In general, the goal of a Flow will be to connect that voice caller with another party (or sometimes voicemail etc.) however, the Flow system allows for significant logic to happen before the Dial node is used to establish that connection.
A Voice session lasts for the duration of the phone call
Whereas a Voice session is easy to visualize because it consists of a single phone call a Chat session is a little bit more complicated and is best shown with a few examples.
In Evo Voice, Chat sessions are message based meaning that a session isn't started until a message is received and a paused session does not continue until another message is received.
As mentioned above, Chat is a Message based channel. Evo Voice supports various types of Chat endpoints including the following
- SMS (via an Incoming Phone Number)
- Skype Bots
- Slack Bots
- Facebook Bots
- Web Chat
- User Chat
It is important to note that regardless of Endpoint type, Chat flows will function the same. For example, the Say Node will always reply to the user regardless of actual mechanism, if you use a Say node in an SMS flow, we will send the resulting text back to the user via SMS. If the flow has an email sender, we will email back, etc.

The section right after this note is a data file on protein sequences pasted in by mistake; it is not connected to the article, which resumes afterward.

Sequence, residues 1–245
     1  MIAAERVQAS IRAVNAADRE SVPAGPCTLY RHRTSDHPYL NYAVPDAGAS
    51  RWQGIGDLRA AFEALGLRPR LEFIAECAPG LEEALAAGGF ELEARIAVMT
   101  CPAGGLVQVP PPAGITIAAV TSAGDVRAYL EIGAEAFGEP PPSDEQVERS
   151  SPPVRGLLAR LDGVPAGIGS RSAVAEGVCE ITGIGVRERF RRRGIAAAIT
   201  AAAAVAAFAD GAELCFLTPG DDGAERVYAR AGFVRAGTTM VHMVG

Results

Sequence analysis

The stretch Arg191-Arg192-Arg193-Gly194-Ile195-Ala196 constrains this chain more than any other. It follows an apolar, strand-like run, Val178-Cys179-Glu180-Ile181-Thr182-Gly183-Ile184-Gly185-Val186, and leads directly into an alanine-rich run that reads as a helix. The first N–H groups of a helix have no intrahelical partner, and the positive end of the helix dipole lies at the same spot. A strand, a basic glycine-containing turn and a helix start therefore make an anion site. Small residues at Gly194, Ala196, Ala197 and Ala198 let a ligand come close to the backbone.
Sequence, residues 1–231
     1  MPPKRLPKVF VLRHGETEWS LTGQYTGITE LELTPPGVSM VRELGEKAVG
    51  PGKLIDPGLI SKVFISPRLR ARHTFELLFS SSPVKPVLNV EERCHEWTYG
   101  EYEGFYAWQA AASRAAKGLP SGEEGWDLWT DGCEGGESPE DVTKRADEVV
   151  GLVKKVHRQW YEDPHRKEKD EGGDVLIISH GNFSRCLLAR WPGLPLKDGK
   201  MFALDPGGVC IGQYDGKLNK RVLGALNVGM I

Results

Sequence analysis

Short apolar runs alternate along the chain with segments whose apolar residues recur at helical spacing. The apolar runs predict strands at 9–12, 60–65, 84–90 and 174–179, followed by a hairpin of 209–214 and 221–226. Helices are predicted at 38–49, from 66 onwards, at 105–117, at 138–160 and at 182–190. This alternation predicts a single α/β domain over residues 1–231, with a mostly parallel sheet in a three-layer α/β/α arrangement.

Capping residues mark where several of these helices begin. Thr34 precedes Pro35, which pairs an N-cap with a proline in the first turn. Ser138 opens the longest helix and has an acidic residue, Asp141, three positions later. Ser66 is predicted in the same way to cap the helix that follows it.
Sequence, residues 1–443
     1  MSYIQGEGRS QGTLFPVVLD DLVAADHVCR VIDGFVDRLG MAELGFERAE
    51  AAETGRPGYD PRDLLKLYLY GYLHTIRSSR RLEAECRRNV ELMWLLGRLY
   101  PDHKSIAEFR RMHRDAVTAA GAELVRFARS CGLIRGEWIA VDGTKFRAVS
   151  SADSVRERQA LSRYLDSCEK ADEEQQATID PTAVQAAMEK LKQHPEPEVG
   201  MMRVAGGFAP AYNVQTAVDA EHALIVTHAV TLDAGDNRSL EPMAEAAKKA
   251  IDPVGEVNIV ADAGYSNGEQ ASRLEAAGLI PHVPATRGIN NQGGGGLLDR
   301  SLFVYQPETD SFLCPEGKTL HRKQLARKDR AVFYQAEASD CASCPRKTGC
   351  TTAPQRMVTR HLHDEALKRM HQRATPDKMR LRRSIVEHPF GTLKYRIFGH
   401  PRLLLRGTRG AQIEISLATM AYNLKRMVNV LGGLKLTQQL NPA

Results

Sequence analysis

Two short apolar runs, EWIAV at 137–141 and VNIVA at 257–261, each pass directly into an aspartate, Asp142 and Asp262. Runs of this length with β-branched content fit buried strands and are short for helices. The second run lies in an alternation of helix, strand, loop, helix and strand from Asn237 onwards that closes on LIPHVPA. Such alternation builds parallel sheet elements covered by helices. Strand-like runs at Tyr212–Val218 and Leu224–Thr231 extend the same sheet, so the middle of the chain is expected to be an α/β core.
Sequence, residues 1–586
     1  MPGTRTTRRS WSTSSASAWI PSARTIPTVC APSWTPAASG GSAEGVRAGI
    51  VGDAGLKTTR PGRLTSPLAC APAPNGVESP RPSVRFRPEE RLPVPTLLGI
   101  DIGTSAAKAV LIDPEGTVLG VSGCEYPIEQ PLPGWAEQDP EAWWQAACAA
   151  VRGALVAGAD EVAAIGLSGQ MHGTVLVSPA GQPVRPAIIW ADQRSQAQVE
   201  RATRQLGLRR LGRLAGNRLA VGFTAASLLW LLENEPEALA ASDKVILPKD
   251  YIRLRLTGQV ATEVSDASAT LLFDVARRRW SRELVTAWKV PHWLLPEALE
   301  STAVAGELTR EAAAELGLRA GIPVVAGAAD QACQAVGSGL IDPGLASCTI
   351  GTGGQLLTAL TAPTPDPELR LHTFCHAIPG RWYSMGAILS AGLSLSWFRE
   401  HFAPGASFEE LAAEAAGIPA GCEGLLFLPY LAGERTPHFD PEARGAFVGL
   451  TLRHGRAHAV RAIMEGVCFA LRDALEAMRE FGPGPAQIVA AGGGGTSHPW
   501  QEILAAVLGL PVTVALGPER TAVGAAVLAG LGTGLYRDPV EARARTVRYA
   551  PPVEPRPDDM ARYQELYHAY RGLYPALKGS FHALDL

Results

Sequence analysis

Example 1: Reply to Chat Message
In this first example, we are going to have a single Say node in our Flow, e.g.
And if we send an SMS message to that number we'll get the following:
If we continue to send messages to the number, we will ALWAYS get the same result:
It is important to note that every time we send a message in for the above flow, a new session is created. This is because a Chat session ends when the Flow is completed.
Example 2: Reply and Gather
In the next example, we will say something to the sender and then we will prompt them for info using the Gather Node and then we will just repeat back what they said.
And when we send a message to the phone number, the resulting dialog looks like this:
In this example, the session did not end until after the Flow said to us our name back. The session was "paused" waiting for another message from the original sender. If we send a new message to the Flow, we will start a new session now.
Example 3: Chat with User